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Elizabeth PHELAN, Plaintiff-Appellant, v. LARAMIE COUNTY COMMUNITY COLLEGE BOARD OF TRUSTEES; Charles Bohlen; Cheryl W. Porter; John R. Kaiser; Larry Atwell; Donald J. Brown; Tom E. Bauman; Jean Vondrak Brown, in their individual capacity, Defendants-Appellees. Association of Community College Trustees, Amicus Curiae.
Plaintiff Elizabeth Phelan appeals the district court's grant of Defendant's motion for summary judgment. We exercise jurisdiction pursuant to 28 U.S.C. § 1291 and affirm.
Plaintiff Elizabeth Phelan has served as a member of the Board of Trustees for Laramie County Community College (“Board”) since the college opened in 1968. Claiming a violation of her First Amendment rights, Ms. Phelan sued the Board and each Board member in their individual capacities under 42 U.S.C. § 1983. She sought injunctive and declaratory relief in the district court, arguing the Board abridged her First Amendment rights by censuring her for violating its ethics policy.
In 1980, the Board adopted Policy 1530, its code of ethics. Ms. Phelan voted for the policy in 1980, and again in 1985 and 1994. The code describes the manner in which Board members agree to discharge their duties and responsibilities. The provision at issue provides: “[I will] base my personal decision upon all available facts in each situation; to vote my honest conviction in every case, unswayed by partisan bias of any kind; thereafter to abide by and uphold the final majority decision of the Board.” (emphasis added). In addition to adopting the ethics policy, Ms. Phelan also signed a general oath each time she was elected, pledging to discharge her duties as trustee “faithfully, honestly, and impartially.”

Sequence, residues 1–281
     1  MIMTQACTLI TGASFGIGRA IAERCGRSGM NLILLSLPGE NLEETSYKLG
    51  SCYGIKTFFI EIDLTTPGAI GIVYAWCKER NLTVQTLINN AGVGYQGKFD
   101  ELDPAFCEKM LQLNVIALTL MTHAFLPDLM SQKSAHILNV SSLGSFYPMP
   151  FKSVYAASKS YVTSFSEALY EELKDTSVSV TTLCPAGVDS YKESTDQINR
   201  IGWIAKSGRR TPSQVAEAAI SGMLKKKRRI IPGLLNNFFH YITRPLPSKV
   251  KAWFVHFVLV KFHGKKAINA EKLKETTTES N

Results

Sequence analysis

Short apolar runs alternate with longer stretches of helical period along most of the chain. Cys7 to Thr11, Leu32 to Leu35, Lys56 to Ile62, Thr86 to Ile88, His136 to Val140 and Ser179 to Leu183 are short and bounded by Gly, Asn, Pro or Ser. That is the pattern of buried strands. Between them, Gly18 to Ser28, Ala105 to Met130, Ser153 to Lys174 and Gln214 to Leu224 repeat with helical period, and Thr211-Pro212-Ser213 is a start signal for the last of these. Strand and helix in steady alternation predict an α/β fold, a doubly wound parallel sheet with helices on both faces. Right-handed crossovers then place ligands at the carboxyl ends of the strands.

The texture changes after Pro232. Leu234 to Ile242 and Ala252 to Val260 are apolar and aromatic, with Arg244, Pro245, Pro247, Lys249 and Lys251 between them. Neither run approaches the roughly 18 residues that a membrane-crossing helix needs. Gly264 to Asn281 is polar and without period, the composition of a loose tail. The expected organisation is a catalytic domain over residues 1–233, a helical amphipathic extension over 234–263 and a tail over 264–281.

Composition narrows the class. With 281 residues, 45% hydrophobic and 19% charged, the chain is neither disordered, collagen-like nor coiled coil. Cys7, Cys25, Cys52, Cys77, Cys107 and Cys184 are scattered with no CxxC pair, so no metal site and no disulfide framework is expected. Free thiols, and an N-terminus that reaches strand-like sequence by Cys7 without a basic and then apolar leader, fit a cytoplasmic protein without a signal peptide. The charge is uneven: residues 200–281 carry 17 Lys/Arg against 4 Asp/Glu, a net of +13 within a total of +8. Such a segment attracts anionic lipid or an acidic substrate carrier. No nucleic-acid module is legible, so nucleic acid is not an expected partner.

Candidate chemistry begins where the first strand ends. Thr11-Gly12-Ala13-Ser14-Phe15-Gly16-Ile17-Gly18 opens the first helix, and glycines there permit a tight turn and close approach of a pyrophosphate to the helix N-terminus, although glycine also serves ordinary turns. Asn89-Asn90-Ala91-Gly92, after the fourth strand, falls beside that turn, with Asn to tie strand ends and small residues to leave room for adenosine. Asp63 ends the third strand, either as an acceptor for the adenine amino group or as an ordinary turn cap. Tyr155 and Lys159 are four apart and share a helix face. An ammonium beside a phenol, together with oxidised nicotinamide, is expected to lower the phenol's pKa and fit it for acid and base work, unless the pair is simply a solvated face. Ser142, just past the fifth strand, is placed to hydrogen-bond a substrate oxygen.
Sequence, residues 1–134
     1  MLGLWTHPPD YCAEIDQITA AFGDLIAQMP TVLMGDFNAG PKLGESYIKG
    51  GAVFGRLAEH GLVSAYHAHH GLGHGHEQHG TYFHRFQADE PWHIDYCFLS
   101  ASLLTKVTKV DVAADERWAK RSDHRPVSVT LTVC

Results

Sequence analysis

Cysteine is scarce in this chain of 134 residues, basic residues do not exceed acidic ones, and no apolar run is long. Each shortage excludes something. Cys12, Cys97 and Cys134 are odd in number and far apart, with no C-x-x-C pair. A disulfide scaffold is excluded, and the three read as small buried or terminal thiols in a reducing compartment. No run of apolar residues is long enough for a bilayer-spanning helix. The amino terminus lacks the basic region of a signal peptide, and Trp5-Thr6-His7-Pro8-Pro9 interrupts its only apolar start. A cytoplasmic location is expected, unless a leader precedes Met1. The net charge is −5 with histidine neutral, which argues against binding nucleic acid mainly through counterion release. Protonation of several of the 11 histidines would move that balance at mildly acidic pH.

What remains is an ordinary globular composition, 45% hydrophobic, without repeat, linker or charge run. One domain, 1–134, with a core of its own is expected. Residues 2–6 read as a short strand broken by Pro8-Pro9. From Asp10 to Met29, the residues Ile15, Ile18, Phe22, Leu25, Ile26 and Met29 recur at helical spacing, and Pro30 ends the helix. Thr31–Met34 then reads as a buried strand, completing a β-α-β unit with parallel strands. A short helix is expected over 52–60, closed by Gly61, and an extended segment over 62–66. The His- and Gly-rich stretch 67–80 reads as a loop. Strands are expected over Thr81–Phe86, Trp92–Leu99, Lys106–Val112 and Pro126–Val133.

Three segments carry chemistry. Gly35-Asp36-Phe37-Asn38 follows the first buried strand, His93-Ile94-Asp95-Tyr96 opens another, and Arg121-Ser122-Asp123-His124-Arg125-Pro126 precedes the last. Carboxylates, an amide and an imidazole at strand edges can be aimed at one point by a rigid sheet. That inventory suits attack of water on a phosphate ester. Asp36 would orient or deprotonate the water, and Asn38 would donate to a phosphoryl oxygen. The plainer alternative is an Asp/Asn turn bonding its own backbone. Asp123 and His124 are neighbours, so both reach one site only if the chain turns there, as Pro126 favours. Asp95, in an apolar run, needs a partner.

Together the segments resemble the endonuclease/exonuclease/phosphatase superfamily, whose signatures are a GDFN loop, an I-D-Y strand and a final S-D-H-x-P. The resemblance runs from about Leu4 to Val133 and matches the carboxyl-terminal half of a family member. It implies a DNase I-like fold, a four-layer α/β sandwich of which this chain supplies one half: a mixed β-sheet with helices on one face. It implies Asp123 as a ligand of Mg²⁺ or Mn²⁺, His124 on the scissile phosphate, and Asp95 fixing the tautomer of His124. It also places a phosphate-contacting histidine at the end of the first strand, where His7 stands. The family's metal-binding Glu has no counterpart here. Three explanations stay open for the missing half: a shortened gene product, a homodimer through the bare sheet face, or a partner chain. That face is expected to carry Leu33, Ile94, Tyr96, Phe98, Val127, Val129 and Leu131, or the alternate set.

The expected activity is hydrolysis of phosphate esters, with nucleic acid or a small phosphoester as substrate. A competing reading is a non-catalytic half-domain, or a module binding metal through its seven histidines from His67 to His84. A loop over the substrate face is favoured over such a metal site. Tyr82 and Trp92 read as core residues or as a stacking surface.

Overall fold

In August 1998, the Board began discussing how to fund the repair and renovation of main campus facilities. Specifically, the Board explored two approaches to funding the campus renewal plan: a five mill property tax assessment or general obligation bonds. The Board discussed the issues concerning the funding options at an open meeting on August 13, 1998, and again on August 19, 1998, at a published Board meeting during which the Board voted on the renewal plan and appropriate funding. All members of the Board, including Ms. Phelan, voted in favor of the renewal plan and to present the five mill tax assessment to the public for popular vote.
Despite her vote in favor of submitting the five mill tax assessment to the public, Ms. Phelan placed an advertisement in the local newspaper encouraging the public to vote against the measure. The advertisement ran on November 2, 1998, the day before the public vote. Identifying Ms. Phelan in her role as “Trustee,” the advertisement supported the election of Richard “Dick” Lennox for trustee, declared college enrollment had declined fifteen percent, and urged voters to vote against the five mill tax assessment. Although the tax assessment passed, it did so by a much narrower margin than Board members expected.
On December 16, 1998, the Board voted to censure Ms. Phelan for violating its ethics policy. In censuring Ms. Phelan, the Board expressed its belief that her conduct in running the newspaper advertisement was contrary to the ethics policy and potentially detrimental to the college. The censure also asked her to discontinue this “inappropriate” behavior. The Board based its censure on the language in the ethics policy that requires trustees “to abide by and uphold the final majority decision of the Board,” concluding Ms. Phelan's advertisement sought to undermine the final majority decision of the Board and provided false information to the public by stating enrollment had dropped fifteen percent.